Synchronization with phytohormone beats
Synchronizing gene expression in complex eukaryotic communities is challenging. Here we introduce a synthetic system inspired by bacteria response to antibiotics that robustly converts auxin and salicylic acid rhythms into synchronized gene expression across cell populations
Synchronization is an attractive phenomenon found in nature. Complex systems, such as bird flocs, social and ecological networks, and biological timekeepers show coherent behavior across scales. Furthermore, synchronization is critical for our brain function, stability of social interactions, and even the survival of entire ecosystems because it ensures equilibrium in an often challenging environment.
Naturally, this beautiful phenomenon has long attracted bioengineers on the quest of designing smart synthetic biology strategies capable of coordinating whole living consortia for biotechnological, industrial, and therapeutic applications. In recent years, substantial efforts have been made to engineer synchronization within and across bacterial communities with examples of genetic LCD-like ‘biopixels’ and coordinated cell killing, among others. However, the engineering of synchronous dynamics in complex eukaryotic systems has proven very challenging.
In our article (https://www.nature.com/articles/s41467-021-24325-z), we leverage a bacterial strategy for antibiotic stress response to build minimal synthetic systems in yeast Saccharomyces cerevisiae, capable of synchronizing individual eukaryotic cells in a dynamic environment. We implemented a three-component system; two transcriptional repressors of the bacterial multi-antibiotic resistance (Mar) family and destabilised green fluorescent report for direct measurement of cell responses (Fig. 1A). First, we demonstrate that engineered repressors respond to chemical cues mediated by major plant hormones auxin and salicylic acid. Next, we combined lab-on-a-chip (Fig. 1B) and live-cell imaging techniques to record responses from living cells under a precisely controlled environment in the presence of phytohormone rhythms.
Fig. 1. A synthetic strategy for the robust synchronization of spatially distant yeast colonies in the dynamic microenvironment
These exciting experiments revealed a robust synchronization not only within single colonies but between entire cell populations with only 2% error (Fig. 1C, D). Attracted by this phenomenon, we employed theory and molecular dynamics simulations to investigate the potential origins of robust synchronization observed in vivo. Our analysis indicates a putative ON-OFF switch mechanism at the structure level (Fig. 2) that could provide a time lag between input and output required for noise-gated cell responses. This mechanism may be similar to the hysteresis observed during the opening and closure of potassium channels at the cell surface.
Fig. 2. Rate-dependent conformational trigger controls the phytohormone perception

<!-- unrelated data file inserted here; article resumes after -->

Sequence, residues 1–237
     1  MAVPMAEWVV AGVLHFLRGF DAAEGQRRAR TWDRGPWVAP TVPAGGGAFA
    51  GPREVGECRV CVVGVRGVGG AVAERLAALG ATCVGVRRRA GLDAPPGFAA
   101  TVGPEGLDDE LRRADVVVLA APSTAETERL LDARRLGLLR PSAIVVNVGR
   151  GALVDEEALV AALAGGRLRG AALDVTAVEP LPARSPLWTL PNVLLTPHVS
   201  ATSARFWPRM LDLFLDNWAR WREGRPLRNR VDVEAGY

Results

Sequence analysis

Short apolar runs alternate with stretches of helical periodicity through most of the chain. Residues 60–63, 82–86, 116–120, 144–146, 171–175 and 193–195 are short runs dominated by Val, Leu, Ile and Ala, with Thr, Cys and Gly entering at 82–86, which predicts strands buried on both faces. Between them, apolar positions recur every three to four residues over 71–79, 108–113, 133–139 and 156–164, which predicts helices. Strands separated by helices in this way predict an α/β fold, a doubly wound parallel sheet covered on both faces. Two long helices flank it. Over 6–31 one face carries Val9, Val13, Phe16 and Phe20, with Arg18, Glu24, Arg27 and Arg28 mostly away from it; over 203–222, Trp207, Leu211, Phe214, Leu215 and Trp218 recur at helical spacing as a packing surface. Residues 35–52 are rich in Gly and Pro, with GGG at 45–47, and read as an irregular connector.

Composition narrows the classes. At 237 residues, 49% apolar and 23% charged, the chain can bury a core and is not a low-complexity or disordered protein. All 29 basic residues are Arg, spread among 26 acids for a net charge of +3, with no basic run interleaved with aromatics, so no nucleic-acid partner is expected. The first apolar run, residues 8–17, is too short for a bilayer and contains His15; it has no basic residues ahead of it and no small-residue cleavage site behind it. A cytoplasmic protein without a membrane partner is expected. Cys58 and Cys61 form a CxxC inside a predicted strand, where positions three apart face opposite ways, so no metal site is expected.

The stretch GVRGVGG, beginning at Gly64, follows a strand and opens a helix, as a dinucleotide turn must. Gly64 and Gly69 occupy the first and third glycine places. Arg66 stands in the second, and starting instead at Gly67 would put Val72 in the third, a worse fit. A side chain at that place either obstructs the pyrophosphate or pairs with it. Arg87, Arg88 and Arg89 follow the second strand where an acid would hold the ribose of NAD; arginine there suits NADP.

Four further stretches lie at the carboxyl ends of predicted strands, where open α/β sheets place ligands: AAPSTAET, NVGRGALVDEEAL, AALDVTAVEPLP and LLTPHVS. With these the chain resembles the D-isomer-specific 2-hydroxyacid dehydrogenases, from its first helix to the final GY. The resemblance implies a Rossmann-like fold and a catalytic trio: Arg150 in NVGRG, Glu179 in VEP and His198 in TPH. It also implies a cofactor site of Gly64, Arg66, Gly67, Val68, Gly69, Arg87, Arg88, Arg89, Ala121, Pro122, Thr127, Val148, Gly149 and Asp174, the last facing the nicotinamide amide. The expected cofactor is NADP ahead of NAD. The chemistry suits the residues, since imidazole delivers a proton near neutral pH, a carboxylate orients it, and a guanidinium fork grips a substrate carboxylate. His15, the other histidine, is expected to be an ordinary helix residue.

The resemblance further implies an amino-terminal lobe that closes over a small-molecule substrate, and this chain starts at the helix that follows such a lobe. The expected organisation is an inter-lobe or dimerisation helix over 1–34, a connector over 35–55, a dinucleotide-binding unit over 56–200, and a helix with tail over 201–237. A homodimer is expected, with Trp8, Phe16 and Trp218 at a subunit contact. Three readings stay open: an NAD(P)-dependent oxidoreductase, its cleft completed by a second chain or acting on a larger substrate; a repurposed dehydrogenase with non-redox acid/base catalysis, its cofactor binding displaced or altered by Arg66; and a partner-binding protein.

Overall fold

However, successive live-cell imaging on microfluidic devices (Fig. 3) revealed that synchronization level is dependent on the frequency of chemical stimulations; faster phytohormone rhythms increase the time-lag between input and output, thus buffering more efficiently for cellular noise (Fig. 2, bottom panel). Therefore, our synthetic system presents features of a ‘molecular actuator’ with a loose analogy to traditional piezoelectric actuators - internal parts of internal hard drives that exhibit dynamic rate-dependent hysteresis.
We then investigated whether synchronization could be improved by incorporating closed-loop (feedback) into the system architecture. Indeed, the inclusion of regulatory feedback between Mar repressors increases system responsiveness and further increases the synchronization robustness, creating opportunities for extending and tuning the performance of our minimal synthetic system.
Finally, we put our system to the unusual laboratory test. Briefly, we created a hostile microenvironment occupied by two sister yeast strains that only differ in the expected output (one producing reporter protein and other potent toxins). Experiments revealed the temporal maintenance of synchronization among toxin-sensitive populations, suggesting that this synchronization mechanism may be resilient to very harsh environmental conditions. A similar strategy may be used by bacteria when dealing with antibiotic stresses, highlighting a design principle underlying this synchronization mechanism.
Fig. 3. “Beating heart” of the yeast colony (a heat pattern of GFP) synchronized with phytohormone rhythms in the environment
We hope that our strategy can be potentially applied to other eukaryotes such as animals or plants because it is compact and modular. Also, this work provides a mechanistic basis for de novo engineering synchronous dynamics in complex living communities, such as fungi microbiomes for various synthetic biology applications, including control of production in the industrial bioreactors and production and release of therapeutics and vaccines. Lastly, it opens opportunities for the strategic design of coherent behavior in plant and animal tissues, thereby expanding the repertoire of patterning mechanisms explored through evolution.